The trail went by some dramatic landscapes and hiked down along some fast-moving streams and waterfalls on the way down. The power of nature is really humbling through the vastness of the terrain of high elevations. As we made our way down to the Cascade Canyon area, we saw a couple of deer hanging out at a trail junction.
As we continued along Cascade Canyon, the trail was heading downhill and we started to see more day-hikers arrive as we got closer to Jenny Lake. Along the creek, we spotted a bull moose sitting in the brush and we were so glad we had the opportunity to see some of the wildlife we don’t get in Virginia.
The hike along Cascade Canyon was so scenic and we felt the warmer temperatures as we reached some lower elevations. Eventually, we reached the area known as Inspiration Point and there were a lot of day-hikers hear that were taking in the view. My back had been killing me that day, so I relaxed and worked on stretching out my back while we had a snack.
We had one last bigger descent to make down from Inspiration Point and we made it to the bottom to see tons of people along the trails. We took a short side trip to check out Hidden Falls, which is a most impressive waterfall.
From here, it was a short walk to the ferry, where we hopped on a boat to take us to the other side of Jenny Lake. While most of the passengers were just out for a short trip, they were all asking us questions about our trip over the mountains. With the cool lake breeze hitting us, we were refreshed yet exhausted from all we had done over the last several days. We picked up our car at Jenny Lake and we picked up our other cars at the tramway. Unfortunately, our rental car had been hit by another car in the parking lot, but that didn’t dampen our moods too much as we had just done a trip we will remember for a lifetime. If you’re fit enough and can navigate the permit process, make this a must-do adventure!
Final Thoughts: The Teton Crest Trail is not a trip you can go on without significant planning and preparation.
You have to get permits for each place you plan to camp along the route. Getting a permit can be competitive and the process opens in January on recreation.gov.
You’re going to need a ride at the end. This is a segment hike, so you’ll finish many miles from where you started. Plan ahead for this! Because we were in a group with multiple cars, we dropped one at our finish point the night before we started our hike.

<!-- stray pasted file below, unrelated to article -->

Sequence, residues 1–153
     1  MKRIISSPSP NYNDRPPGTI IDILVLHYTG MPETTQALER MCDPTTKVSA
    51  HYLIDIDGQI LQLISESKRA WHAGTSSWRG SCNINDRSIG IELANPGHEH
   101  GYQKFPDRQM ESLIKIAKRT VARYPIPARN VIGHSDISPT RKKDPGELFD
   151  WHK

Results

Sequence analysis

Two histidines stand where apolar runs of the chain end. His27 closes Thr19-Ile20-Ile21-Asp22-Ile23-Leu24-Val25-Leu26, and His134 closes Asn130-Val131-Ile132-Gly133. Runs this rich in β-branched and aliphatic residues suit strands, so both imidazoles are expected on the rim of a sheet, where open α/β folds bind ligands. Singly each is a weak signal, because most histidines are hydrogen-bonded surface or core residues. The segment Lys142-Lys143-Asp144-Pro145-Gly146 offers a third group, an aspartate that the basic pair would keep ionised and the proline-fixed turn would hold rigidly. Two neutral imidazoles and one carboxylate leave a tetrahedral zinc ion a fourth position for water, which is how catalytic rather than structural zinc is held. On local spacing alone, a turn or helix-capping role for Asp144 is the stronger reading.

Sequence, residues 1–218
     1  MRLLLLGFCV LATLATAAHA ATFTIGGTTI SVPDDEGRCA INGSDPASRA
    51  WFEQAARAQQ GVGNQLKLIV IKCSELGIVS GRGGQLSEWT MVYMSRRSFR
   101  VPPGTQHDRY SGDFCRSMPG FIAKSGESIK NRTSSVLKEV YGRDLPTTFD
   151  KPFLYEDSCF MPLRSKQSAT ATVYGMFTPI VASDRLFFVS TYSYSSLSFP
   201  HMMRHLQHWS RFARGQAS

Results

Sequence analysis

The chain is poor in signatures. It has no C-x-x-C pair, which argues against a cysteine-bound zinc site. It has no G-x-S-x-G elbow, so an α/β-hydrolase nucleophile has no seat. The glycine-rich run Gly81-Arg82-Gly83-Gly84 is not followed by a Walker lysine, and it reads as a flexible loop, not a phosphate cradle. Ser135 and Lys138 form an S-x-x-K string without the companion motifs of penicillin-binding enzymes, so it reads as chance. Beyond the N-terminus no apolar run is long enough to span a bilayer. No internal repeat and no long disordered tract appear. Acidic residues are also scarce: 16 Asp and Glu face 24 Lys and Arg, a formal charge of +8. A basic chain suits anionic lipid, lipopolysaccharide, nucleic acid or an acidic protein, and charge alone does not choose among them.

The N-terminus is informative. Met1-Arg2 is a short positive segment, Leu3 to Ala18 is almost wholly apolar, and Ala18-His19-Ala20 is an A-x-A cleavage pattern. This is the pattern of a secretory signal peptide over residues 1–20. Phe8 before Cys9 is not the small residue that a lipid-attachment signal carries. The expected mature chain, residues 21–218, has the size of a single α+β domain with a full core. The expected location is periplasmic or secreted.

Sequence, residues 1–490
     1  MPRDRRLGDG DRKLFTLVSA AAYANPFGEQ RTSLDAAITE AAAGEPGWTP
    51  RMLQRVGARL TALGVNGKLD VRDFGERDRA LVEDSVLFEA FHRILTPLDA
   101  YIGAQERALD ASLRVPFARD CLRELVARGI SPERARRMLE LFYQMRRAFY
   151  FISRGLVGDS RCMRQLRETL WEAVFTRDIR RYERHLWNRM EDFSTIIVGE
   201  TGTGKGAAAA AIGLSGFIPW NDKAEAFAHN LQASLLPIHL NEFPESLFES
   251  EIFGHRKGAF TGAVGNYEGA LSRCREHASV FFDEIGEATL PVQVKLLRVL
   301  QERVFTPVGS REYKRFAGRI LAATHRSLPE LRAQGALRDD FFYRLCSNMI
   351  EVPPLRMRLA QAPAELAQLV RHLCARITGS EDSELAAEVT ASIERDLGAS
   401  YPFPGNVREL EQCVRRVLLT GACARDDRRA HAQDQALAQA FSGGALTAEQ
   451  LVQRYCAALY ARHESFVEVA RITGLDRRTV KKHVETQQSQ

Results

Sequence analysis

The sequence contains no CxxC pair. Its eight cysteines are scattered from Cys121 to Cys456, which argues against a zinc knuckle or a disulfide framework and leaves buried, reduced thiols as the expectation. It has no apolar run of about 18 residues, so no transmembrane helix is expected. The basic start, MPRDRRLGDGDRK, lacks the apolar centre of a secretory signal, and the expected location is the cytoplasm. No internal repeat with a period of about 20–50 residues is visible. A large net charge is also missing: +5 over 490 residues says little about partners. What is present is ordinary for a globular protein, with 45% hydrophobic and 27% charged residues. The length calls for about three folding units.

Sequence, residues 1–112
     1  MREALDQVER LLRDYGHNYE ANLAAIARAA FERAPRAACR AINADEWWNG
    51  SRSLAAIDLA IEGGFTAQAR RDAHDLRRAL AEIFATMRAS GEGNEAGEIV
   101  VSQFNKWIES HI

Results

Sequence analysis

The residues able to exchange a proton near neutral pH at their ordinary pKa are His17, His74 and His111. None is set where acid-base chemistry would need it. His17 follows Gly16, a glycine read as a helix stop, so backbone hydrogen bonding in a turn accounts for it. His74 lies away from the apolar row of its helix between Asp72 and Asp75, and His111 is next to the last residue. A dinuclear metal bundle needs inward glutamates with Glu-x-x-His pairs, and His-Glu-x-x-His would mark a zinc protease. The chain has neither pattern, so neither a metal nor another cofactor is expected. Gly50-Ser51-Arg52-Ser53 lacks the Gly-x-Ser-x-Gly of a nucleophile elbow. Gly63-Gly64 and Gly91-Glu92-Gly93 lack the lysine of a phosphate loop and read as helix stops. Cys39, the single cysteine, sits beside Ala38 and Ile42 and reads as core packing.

You’ll have to carry a bear canister and bear spray. You must have an approved bear-proof container in GTNP. The ranger station can issue you a loaner if you need one. You also should plan to carry bear spray, since this is grizzly country!
If you’re arriving from the east (or anywhere considered low-country), plan to acclimate a few days before you attempt the Crest Trail. The high altitude can make you sick if you don’t give your body a bit of time to adjust.
Bring lots and lots of sunscreen! Seriously, there is very little shade along the trail. Paired with the high altitude, it is easy to get a bad sunburn very quickly.
While this hike seemed remote and intimidating, it was actually moderate terrain and I think it could be done by most people of average hiking fitness. It was not a killer-tough hike.
There are some good planning guides online that will help you plan. A couple examples:
In our visit to Grand Teton National Park, our big goal was to backpack a few days on the Teton Crest Trail. Still acclimating to the high altitudes and with a goal of also trying to conserve energy before the big trek, we picked this easy and scenic hike to Taggart Lake.
We started off fairly early and went for a drive along Moose Wilson road to start the day. On the side of the road, we were lucky enough to see a moose grazing in a clearing and we were so glad to start our day with such a fortuitous sighting! We stopped by the Jenny Lake Ranger Station to drop off a car for our return trip on the Teton Crest Trail and we were also able to swap out some of our backpacking permits for our trip so we had better camping options.
We then made our way to the Taggart Lake trailhead and parked to start our hike. The hike is 3.3 miles with only 300 feet of elevation gain. The hike is well traveled and in good condition, so most people will find this to be an easy, family hike with a big payoff.